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any one of several diseases of agricultural plants characterized by formation of blotches of dead cells on leaves, stems, fruits, and other plant parts; a specific type of necrosis. Spots are caused by inadequate soil nutrition; air pollution; burns; and pathogenic fungi (most often, imperfect hyphomycetic fungi of the genera Ramularia, Cercospora, and Macrosporium and pycnidial fungi of the genera Septoria, Ascochyta, and Phoma; less commonly such perfect fungi as ascomycetes of the genus Pseudopeziza), bacteria (genera Pseudomonas and X anthomonas), and viruses.
The outward appearance of the spots is determined by the relationship between and the specific features of the parasite and the plant host. The causative agents, which usually spread throughout the tissues, encounter opposition from the plant host in the form of mechanical and chemical barriers. A mechanical barrier is caused by the formation of a cork layer on the boundary between healthy and diseased tissue; the cork localizes the focus of infection. For example, in drupaceous crops infected with the fungus Clasterosporium carpophilum or the bacterium Xanthomonas pruni, the affected tissue, after the formation of the cork layer, falls out together with the pathogen. Chemical barriers form owing to the accumulation in the affected cells and the cells adjacent to them of phenolic substances that are toxic to the parasite (specifically anthocyanins and products of their oxidation). If intrusion of the parasite is accompanied by a severe protective reaction of the plant, a small necrotic spot is formed and development of the causative agent is curtailed. When, however, the protective action is insufficient to localize the infection, the spots slowly enlarge (for example, macrosporiosis of potatoes, tomatoes, cotton; phomosis of sugar beet). Sometimes check zones in the form of concentric rings are readily observable on the spots.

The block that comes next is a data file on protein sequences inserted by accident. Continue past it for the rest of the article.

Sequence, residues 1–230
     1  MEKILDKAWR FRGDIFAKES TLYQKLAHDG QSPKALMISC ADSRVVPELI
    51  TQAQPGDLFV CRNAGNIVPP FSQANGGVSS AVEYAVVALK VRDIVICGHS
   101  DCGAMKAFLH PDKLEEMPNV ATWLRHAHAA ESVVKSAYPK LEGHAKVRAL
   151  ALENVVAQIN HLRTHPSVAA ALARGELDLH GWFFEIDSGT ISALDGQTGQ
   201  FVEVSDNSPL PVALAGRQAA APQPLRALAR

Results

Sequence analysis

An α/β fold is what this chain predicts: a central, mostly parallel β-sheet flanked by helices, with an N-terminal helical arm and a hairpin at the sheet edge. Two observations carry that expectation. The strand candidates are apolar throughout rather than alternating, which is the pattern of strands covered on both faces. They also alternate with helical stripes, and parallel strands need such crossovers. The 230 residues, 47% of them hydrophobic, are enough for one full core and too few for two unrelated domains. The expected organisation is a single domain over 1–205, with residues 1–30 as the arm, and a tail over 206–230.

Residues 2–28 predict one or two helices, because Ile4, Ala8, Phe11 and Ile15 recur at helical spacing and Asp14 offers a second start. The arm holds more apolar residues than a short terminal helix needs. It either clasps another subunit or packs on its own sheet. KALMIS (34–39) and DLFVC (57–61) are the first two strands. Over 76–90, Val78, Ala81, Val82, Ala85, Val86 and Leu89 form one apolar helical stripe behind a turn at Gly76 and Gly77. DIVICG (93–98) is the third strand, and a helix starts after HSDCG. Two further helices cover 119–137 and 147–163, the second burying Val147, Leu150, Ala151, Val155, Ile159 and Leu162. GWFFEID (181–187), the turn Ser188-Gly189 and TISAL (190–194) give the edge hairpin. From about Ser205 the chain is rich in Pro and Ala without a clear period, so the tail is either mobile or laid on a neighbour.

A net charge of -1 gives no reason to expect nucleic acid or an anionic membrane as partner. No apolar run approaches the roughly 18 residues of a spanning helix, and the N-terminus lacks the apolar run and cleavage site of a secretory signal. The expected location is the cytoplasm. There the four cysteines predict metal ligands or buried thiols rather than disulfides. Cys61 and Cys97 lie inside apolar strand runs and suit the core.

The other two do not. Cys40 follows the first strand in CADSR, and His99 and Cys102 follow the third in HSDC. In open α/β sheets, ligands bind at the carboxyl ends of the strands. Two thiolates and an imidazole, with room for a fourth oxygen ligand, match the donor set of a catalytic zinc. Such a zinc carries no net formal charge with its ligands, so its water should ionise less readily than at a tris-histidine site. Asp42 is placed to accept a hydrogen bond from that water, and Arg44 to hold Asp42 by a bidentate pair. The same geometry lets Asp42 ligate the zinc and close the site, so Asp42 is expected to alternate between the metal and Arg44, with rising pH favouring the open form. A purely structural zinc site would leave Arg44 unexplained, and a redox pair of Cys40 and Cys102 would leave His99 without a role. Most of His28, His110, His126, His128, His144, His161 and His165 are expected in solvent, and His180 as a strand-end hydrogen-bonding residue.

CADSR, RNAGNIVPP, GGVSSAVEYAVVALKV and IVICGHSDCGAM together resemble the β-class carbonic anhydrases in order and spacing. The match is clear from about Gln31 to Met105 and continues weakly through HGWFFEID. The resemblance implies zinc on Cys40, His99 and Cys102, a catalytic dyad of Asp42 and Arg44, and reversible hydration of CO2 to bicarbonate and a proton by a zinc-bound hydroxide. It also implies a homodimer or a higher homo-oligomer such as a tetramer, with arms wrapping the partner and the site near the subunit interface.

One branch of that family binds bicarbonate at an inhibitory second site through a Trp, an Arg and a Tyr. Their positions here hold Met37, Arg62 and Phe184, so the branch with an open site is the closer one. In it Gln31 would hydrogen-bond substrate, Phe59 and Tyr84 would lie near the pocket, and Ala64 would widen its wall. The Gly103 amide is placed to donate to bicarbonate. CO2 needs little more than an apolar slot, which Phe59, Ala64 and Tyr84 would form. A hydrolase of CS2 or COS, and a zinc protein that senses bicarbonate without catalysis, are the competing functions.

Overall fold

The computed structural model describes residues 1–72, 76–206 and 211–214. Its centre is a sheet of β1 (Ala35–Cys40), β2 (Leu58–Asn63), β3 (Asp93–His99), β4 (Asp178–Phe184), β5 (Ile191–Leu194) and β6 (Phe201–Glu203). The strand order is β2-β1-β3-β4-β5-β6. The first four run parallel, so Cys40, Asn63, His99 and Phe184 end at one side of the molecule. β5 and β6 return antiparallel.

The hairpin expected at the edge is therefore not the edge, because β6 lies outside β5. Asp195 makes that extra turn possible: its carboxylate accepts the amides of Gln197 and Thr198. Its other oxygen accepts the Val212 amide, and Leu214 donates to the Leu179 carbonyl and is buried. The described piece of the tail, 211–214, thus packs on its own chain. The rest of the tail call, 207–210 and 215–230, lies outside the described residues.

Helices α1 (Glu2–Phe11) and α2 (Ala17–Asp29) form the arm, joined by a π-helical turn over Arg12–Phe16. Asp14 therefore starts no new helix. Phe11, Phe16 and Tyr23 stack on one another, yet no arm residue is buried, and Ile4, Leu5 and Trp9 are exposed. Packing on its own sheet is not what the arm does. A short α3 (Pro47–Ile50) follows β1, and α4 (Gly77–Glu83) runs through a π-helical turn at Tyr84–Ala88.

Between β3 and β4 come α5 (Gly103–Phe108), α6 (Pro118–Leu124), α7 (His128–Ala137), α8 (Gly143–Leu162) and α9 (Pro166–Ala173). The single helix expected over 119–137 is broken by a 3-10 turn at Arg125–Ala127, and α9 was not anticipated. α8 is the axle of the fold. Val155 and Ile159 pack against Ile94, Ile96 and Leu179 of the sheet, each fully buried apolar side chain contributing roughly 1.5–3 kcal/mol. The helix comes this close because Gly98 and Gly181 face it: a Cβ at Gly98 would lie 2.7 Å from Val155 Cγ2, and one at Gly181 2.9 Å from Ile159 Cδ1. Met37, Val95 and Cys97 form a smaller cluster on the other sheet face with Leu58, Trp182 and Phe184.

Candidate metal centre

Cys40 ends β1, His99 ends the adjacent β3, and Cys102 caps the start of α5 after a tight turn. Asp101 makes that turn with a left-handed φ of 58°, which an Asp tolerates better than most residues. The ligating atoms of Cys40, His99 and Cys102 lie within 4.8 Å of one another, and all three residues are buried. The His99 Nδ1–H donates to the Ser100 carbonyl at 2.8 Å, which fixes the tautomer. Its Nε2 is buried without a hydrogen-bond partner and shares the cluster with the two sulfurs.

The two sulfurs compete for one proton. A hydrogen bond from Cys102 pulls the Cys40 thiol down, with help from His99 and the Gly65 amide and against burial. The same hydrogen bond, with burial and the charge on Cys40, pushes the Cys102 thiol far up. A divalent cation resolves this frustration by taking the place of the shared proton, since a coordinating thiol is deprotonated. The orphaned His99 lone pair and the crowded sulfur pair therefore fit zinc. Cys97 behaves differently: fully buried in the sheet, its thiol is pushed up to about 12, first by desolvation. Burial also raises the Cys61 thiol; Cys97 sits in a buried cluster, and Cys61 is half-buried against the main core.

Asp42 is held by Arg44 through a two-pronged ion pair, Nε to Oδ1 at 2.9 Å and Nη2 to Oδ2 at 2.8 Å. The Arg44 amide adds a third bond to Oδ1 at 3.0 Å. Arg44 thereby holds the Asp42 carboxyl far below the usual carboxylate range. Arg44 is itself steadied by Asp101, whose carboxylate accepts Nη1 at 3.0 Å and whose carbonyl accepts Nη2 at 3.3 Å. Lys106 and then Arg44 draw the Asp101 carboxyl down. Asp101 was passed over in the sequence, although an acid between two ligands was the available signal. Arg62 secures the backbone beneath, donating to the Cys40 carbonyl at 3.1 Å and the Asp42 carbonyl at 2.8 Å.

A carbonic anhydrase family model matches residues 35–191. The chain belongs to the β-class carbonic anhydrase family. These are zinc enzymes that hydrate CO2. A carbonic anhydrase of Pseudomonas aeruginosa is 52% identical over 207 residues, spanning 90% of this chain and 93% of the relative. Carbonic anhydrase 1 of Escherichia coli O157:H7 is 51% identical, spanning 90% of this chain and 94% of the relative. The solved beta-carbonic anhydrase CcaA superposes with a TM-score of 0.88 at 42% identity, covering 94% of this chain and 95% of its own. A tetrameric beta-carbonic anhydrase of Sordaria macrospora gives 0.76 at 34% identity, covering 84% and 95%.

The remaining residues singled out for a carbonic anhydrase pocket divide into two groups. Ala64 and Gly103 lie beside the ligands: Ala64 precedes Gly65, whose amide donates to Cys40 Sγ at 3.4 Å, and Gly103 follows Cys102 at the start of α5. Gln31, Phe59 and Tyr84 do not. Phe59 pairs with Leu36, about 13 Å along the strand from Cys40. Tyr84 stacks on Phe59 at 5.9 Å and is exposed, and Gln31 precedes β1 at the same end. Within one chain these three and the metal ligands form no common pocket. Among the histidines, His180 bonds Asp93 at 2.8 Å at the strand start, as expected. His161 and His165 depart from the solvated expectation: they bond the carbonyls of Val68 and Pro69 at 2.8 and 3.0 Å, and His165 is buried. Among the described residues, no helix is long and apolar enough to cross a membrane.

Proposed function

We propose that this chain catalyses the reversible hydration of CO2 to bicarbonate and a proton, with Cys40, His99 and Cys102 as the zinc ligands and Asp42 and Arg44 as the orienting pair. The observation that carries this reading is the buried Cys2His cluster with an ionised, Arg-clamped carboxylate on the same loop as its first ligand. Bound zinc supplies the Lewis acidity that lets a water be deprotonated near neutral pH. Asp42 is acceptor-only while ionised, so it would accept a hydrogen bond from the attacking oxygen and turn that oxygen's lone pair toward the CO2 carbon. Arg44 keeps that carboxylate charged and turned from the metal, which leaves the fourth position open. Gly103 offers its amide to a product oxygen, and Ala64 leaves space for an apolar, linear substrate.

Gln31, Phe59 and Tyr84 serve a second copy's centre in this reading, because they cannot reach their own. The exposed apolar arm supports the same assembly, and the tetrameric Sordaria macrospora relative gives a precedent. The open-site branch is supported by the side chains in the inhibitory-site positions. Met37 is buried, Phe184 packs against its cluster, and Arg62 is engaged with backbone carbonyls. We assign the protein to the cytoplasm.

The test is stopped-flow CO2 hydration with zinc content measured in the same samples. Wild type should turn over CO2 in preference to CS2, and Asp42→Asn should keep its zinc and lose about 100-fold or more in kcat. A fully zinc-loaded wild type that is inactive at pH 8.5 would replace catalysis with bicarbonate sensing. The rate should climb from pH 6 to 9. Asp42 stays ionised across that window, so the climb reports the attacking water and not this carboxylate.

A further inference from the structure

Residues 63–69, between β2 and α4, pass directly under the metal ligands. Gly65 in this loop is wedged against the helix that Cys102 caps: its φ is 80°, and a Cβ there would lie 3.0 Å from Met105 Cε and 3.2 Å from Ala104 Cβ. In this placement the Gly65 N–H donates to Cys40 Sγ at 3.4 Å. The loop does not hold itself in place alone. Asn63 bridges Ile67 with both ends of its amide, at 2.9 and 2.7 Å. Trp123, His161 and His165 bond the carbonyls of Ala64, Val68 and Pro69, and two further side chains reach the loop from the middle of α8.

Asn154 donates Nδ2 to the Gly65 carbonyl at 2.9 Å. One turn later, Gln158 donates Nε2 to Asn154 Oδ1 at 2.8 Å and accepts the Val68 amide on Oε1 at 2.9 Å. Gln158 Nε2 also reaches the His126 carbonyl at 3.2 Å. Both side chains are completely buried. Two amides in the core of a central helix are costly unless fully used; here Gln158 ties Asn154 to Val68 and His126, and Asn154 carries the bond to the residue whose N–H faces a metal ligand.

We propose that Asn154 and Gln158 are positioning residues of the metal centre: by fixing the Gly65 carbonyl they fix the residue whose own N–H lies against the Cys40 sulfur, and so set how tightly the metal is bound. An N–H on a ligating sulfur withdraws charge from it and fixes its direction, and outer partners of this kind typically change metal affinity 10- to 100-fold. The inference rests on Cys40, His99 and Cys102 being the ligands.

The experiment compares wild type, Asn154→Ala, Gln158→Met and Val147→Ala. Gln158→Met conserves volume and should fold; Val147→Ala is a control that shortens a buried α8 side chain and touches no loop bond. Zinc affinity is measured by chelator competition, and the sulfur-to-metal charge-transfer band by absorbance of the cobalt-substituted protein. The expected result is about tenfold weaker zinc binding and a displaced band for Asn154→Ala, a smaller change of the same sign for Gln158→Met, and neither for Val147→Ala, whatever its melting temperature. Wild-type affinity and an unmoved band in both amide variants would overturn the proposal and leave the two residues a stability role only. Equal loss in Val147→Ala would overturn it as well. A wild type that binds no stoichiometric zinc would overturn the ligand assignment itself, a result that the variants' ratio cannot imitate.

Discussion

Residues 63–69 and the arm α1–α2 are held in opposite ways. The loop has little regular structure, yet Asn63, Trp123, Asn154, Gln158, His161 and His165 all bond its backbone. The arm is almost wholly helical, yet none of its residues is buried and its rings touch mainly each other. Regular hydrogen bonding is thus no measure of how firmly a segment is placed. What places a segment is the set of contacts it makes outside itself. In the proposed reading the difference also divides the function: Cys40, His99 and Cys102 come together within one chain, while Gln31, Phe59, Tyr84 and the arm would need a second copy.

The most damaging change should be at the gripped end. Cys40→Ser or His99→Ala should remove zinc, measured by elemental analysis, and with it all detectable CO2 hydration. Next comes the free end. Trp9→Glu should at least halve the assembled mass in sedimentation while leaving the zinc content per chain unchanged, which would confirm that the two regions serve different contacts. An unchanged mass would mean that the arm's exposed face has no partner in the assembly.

When the causative agents are pathogenic fungi, there arise variously shaped and colored dry spots, upon whose surface one may observe the spore carriers of the fungus. Bacterial spots are characterized by the formation of tiny blotches surrounded by chlorotic aureoles; sometimes droplets of resin emerge on the spots (for example, gummosis of cotton). Spots produced by viruses are localized along the veins or form characteristic rings and designs. Their coloration may be red (with accumulation of anthocyanins), dark brown, gray, black (with accumulation of melanins), or white (with decolorization of pigments).
The resulting atrophy of parts of leaves, fruits, and stems decreases the photosynthetic surface of the plant and the plant’s productivity. With widespread infection, the spots merge. This may result in the mass falling of leaves and fruits and the drying of stems, significantly decreasing the yield of agricultural crops. In some cases, even a minor infection may bring great harm. For example, a single infection of an alfalfa petiole with the pathogenic ascomycete Pseudopeziza medicaginis close to the place where the leaf blade is attached leads to leaf fall. For a discussion of control measures against spots of agricultural plants seeBACTERIAL DISEASES OF PLANTS, VIRAL PLANT DISEASES, and FUNGAL DISEASES OF PLANTS.
REFERENCEGorlenko, M. V. Sel’skokhoziaistvennaia fitopatologiia. Moscow, 1968.
IU. T. D’IAKOV